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Bases of the European Union: The Treaty of Rome and the constitutional treaty European

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The construction of the European Union rests on a succession of treaties and agreements which marked the European history by alternating intense and long stage of working lives of stagnation. Chronologically, one can thus enumerate: the Treaty of Rome in 1957, the Luxembourg compromise in 1966, the Single act European in 1986, the treaty of Maastricht in 1992, the treaty of Amsterdam in 1999, the treaty of Nice in 2001 and European the constitutional treaty draft presented to the Member States in 2004.

What are the reasons for the proliferation of treaties which form the basis of the European Union? Are there any coherence and a unit through its construction? If these treaties had to be set up only after wild negotiations, sometimes backed by virulent oppositions, they always more or less knew how to impose themselves.

However, the last treaty suggested to the Member States in 2004 was a failure following the refusal of the nationals of two countries of the founders of the European Union, France and the Netherlands. This document will explain the elements of such a failure, the evolution of the institutions and the construction of the European project. It will also find the answers to the failures and why the European constitutional treaty must adapt to new claims and new prospects.

The ECSC, set up community about 6 years before the Treaty of Rome already had the embryos of the current institutional triangle, i.e. a court, a parliament and an executive consisting of a High Authority and the Council of Ministers. Or following the Treaty of Rome two new communities emerging, the EEC and the EAEC (also known as Euratom).

This multiplication of communities leads to an institutional level a single meeting and a single court, but a growing number of executives (a High Authority, an EEC Commission, a Commission EAEC and three ministerial councils. This institutional functioning of the complex and diverse communities denounced first difficulty to establish a real political union. the presence of three communities involved in different sectors (chronologically steel and coal, the common market and atomic energy) corroborates this impression.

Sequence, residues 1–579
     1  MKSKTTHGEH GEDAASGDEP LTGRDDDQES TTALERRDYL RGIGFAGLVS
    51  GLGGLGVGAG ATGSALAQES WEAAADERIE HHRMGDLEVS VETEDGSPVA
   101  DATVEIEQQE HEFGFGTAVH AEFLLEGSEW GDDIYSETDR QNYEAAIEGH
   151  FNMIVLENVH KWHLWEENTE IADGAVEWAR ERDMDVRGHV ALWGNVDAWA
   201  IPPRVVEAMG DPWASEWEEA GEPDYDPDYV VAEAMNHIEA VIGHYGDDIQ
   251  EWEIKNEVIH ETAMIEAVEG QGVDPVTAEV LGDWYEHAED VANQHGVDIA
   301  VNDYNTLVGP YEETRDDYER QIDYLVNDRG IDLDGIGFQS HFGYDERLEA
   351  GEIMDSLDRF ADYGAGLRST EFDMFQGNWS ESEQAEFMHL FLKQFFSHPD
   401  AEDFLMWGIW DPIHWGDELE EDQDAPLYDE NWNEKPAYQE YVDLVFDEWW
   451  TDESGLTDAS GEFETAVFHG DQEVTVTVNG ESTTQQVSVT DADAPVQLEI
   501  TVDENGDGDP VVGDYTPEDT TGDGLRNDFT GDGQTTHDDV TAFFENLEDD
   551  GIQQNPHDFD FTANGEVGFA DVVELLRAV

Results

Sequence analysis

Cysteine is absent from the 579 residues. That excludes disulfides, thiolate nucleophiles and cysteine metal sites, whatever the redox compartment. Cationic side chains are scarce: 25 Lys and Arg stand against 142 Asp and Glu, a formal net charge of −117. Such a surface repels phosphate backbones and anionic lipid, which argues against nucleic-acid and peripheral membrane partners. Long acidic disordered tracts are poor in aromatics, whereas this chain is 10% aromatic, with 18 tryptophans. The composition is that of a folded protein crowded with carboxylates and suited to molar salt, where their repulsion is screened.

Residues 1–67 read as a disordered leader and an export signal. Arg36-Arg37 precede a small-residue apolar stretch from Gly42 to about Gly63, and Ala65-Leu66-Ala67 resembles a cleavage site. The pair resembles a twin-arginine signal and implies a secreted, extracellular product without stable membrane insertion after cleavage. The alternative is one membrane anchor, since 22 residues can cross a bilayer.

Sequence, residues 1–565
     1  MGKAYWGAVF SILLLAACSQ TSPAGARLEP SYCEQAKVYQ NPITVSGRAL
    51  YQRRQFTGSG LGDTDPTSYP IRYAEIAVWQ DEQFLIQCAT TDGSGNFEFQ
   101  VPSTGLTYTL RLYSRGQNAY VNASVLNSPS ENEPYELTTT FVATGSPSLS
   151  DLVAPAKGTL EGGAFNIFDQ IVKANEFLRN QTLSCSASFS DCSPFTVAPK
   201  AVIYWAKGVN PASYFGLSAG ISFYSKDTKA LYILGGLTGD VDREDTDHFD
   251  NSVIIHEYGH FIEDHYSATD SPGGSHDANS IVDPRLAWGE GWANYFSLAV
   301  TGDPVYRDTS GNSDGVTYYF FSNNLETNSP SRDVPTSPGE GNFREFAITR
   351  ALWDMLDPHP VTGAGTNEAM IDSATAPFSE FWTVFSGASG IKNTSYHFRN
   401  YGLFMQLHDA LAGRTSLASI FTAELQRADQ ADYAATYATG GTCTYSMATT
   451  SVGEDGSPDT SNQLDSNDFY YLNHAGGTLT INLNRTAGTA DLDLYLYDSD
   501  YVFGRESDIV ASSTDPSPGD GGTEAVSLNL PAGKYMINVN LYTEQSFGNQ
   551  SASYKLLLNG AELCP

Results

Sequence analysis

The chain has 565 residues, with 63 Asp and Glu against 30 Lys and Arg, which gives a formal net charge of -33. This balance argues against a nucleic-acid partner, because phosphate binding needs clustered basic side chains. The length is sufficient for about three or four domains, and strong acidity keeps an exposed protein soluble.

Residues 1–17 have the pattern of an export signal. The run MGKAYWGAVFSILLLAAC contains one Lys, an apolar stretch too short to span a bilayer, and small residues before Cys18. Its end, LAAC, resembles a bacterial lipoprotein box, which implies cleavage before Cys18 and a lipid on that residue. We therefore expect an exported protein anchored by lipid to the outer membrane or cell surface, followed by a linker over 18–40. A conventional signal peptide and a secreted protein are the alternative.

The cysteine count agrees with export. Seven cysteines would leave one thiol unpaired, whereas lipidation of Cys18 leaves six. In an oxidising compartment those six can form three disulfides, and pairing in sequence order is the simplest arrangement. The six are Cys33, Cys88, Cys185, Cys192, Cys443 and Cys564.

Once the treaty is envisaged the establishment of a qualified majority vote to the Council if it does not deviate from the proposals made by the Commission (but only al end of transition period that is to say 1966). Also at the outset that the commission is responsible for negotiating agreements and negotiations, these must be subsequently approved by the Council. This operation identical to the current operation reveals many partly stagnation affecting the evolution of European political union in the construction of the EU.

But in 1965, eight years after the implementation of the two communities of the Treaty of Rome and therefore the institutions described above, the Treaty of Brussels on 8 April 1965, called the merger agreement, and finally unifies the three executives.

It allows the creation of both a Council and a Single Commission but also of an administration and a single budget. This Treaty shall enter into force in 1967 setting up an institutional framework which approximates more and more of our institutional framework: a Commission, a parliamentary assembly, a cabinet and a court of law.

Tags: Basis of the European Union; proliferation of treaties; evolution of the institutions; Treaty of Rome; European constitutional treaty;

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